Sligo is launching a unique marketing campaign to turn locals and visitors into a marketing force for the county. The campaign “Sligo - Who Knew?” encourages Sligo people and those visiting to share their day-to-day experiences of the county through social media and help others discover Sligo from an insider’s eye view.
It aims to capture how Sligo and its many attractions are surprising, adventurous and fresh. Through various online social channels - including Instagram, Facebook and Twitter - it asks locals and visitors alike to share their take on hidden gems, candid snapshots and insider tips, using the hashtag #SligoWhoKnew?. Those tips, videos and unique experiences will then be featured on the campaign website whoknew.sligotourism.ie.
Team Sligo spokesperson Damian Devaney says: “The visitor’s experience tells the story of Sligo better than anything else. The research verified what we were hearing across the tables and the counters - that Sligo is a hidden gem of many sides. Rather than imagine that in generic marketing materials, we are looking to get the outside world to see Sligo in a more accessible, personal and amusing way. We are relying on the experience of the visitor and the advice of the locals - the proud ambassadors of their homeland and those who know the true gems that make a holiday memorable.”
Annie West - illustrator, Sligo woman and one of the ambassadors for the initiative - says: “I’ll be doing my best to get Sligo people and visitors involved and using the hashtag ‘SligoWhoKnew?’. Like many who hail from Sligo I want to help people discover the amusing and unique peculiarities of Sligo - things like how to get to Maugherow without a map and rescue helicopter, what not to say at the grave of a Nobel Laureate and where we keep the secret stash of biscuits.”
As well as social media the $225,747 marketing drive encompasses PR, print, radio, and television. The campaign is targeting the weekend getaway, activity holidays and family breaks’ markets looking for unique and diverse experiences. The work is driven by research in summer 2012 with visitors to Sligo who said, among other things, that they were "surprised and blown away" by the county's beauty and attractions and that they “never knew” what Sligo had to offer.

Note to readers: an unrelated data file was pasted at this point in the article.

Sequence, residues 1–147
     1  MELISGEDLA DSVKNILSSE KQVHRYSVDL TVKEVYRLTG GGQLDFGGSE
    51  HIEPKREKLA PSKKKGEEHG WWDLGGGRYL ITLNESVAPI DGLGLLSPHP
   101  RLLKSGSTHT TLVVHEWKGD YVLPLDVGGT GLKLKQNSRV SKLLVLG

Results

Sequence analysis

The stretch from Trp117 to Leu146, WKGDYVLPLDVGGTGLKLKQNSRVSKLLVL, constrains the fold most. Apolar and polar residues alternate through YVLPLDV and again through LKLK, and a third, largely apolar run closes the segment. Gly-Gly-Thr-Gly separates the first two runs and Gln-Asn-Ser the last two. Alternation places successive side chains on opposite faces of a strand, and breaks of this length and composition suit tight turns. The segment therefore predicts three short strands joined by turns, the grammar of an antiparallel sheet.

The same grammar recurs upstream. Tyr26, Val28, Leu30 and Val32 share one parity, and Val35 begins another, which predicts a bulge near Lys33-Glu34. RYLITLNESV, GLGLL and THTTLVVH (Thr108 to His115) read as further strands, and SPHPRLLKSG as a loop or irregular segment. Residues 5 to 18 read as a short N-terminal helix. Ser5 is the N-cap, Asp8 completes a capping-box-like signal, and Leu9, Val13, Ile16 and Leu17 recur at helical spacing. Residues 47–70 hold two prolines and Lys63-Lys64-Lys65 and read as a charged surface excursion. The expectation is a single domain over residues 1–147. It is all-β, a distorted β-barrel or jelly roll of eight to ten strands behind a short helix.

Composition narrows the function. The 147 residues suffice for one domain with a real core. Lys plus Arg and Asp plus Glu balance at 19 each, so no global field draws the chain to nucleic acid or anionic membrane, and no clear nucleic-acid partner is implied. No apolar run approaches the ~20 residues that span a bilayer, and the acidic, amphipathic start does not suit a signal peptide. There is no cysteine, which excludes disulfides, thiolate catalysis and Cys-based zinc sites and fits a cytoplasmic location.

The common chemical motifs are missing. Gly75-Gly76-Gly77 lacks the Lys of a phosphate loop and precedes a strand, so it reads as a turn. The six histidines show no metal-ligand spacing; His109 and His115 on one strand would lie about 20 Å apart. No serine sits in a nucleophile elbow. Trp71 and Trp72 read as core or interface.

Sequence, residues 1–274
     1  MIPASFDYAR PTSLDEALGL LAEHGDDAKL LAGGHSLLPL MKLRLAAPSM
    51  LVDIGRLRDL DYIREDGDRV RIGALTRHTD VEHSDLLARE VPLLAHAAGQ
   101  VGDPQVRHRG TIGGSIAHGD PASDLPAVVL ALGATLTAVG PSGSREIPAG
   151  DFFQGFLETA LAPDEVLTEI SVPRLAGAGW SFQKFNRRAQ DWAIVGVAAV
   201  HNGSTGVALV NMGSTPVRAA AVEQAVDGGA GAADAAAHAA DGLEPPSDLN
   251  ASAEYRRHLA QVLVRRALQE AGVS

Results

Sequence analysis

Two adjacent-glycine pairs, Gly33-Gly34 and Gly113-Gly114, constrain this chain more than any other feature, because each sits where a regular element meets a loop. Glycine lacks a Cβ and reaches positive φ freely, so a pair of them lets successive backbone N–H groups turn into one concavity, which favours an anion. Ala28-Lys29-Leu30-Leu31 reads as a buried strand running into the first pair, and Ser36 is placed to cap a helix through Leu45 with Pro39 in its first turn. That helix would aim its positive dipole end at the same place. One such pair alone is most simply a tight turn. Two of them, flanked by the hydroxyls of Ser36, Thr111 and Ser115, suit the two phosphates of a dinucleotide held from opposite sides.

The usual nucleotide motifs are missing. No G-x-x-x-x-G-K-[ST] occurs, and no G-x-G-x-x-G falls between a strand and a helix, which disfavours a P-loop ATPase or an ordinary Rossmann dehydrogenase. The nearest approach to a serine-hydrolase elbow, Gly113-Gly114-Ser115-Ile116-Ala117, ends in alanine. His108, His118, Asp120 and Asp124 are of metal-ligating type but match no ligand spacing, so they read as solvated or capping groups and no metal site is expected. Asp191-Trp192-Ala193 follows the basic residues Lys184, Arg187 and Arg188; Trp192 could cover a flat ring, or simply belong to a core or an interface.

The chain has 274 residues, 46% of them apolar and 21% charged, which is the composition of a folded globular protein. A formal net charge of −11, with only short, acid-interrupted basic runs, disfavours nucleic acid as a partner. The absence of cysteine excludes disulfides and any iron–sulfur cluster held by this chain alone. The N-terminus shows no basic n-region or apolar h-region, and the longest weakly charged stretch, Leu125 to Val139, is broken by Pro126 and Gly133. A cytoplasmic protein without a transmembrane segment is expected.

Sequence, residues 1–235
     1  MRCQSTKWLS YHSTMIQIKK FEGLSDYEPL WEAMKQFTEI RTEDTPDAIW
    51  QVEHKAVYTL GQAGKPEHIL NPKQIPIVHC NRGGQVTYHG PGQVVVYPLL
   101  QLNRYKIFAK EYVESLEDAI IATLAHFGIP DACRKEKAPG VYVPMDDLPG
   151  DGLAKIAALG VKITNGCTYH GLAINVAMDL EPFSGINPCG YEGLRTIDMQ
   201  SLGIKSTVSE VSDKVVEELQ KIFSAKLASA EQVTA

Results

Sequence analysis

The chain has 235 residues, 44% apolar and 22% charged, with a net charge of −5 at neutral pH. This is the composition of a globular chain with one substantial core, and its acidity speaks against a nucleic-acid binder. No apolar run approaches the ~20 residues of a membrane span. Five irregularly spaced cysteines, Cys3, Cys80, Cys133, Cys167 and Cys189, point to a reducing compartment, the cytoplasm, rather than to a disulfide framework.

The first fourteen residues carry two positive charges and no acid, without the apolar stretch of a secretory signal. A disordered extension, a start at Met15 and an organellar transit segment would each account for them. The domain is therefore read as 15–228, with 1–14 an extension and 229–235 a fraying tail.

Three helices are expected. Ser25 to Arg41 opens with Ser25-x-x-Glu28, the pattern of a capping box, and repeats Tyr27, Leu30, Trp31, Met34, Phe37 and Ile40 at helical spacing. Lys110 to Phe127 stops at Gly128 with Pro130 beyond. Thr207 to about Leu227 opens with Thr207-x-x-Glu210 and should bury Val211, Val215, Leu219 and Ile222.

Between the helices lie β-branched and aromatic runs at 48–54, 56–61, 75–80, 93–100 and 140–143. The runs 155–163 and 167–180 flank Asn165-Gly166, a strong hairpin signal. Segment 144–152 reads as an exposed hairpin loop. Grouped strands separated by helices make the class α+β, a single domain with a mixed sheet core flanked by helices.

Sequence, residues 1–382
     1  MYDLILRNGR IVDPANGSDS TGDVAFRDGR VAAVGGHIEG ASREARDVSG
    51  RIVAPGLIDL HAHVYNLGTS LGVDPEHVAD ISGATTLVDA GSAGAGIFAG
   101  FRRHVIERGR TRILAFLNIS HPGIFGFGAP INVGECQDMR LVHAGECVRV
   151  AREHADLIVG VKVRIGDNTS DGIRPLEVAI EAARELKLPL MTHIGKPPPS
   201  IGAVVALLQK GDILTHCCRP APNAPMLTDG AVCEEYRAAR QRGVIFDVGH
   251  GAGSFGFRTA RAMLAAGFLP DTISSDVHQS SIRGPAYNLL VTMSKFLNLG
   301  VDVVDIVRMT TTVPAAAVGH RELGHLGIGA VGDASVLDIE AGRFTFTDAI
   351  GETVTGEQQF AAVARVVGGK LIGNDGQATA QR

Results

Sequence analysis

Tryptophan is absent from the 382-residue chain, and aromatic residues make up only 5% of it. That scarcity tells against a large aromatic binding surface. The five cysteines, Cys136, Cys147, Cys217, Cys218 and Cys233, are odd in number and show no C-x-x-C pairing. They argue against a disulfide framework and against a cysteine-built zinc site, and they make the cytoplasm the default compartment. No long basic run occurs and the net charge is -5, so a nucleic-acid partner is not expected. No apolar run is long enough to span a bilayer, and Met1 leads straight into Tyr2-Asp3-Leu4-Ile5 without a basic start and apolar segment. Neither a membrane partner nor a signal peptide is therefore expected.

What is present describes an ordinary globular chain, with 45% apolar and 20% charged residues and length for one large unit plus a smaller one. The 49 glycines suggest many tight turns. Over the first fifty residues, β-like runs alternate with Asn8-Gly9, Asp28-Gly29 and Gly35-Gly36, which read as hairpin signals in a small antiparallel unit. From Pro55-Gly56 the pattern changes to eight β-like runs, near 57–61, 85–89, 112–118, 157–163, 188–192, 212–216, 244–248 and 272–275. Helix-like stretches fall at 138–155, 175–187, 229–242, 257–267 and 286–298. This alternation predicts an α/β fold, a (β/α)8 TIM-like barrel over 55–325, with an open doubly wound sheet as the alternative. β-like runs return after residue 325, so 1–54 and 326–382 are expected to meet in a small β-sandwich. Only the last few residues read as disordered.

The campaign is coordinated by a joint public and private sector collaborative network – Team Sligo – and funded by contributions raised from tourism, retail and service business interests with support also from Fáilte Ireland and the LEADER programme.
The thinking behind ‘Sligo - Who Knew?’ is that it is about connecting with the holiday maker by highlighting, contextualising and captioning the many thousand areas of natural beauty, activities, places to eat well, markets, festivals and, above all, the engaging wit and helpfulness of the people, all summed up in the tag line – “Sligo - Who Knew?”
SOME INTERESTING SLIGO WHO KNEW FACTS
1) Comedian Spike Milligan’s father was Leo Alphonso Milligan of 5 Holborn Street in Sligo town, where Spike's grandfather, Sergeant William Milligan of the Sligo Artillery also lived. Searching for your Sligo roots? The County Sligo Heritage and Genealogy Centre offers a full service to enquirers whose ancestors hailed from County Sligo.
2) Yeats was using Sligo place names in his writing from the 1880s right down to the day before his death in 1939 - Benbulben, Knocknarea and Glencar on at least 11 occasions in his works. He also writes about the mythology and the whole beauty of the Sligo landscape. Mentions of that landscape, from Glencar to the Lake Isle of Innisfree and across to Knocknarea, is unparalleled in literary history.
3) Sligo’s Rosses Point golf course is notable for hosting the annaul West of Ireland Championship in which future golfing superstar Rory McIlroy won in consecutive years, 2005 & 2006.
4) In May 800 race places for the 2013 Warriors Run were snapped up in just under 2 hours causing the website crash. The 15k run from the beachfront in Strandhill to the top of Knocknarea and back attracts runners from all around the country and from around the world. One of Ireland's toughest competitive races, runners will converge on Strandhill on August 31st to follow in the footsteps of Queen Maeve’s ancient warriors.
5) Sligo has about one-seventh of all the megalithic tombs in Ireland. The most important megalithic complex in Europe is in this area. One of the cairns in Carrowkeel has a roofbox similar to Newgrange (but older than Newgrange), that allows light to enter into its chamber during the Summer solstice as opposed to light entering the Newgrange tomb during the Winter solstice. The cairn in Carrowkeel has the only other known "roofbox" discovered yet apart from Newgrange.
6) About 3000 Barnacle Geese arrive in October to spend the winter in North Sligo. The Ballygilgan Nature Reserve is one of the best sites in Ireland for seeing these geese in winter. The geese breed in Greenland in the summer and spend the winter in Ireland. They graze in Lissadell aevery winter until April, spending every night on the island of Inishmurray.
7) A Sligo man pioneered atomic theory: In 1789 26-year-oldColooney man William Higgins published a book laying out Higgins’ own ideas about what he called the “ultimate particles of elementary matter” and how they combine or react to form compounds. Nineteen years later English scientist John Dalton published a more detailed atomic theory, which provided an explanation of all the experiments done so far on chemical reactions. Dalton was credited with discovering the Atomic Theory, a fact that annoyed Higgins – he continued to claim that it was his idea until his death in 1825.
USS Michael Murphy, named after Irish American Navy SEAL hero, heading toward Korea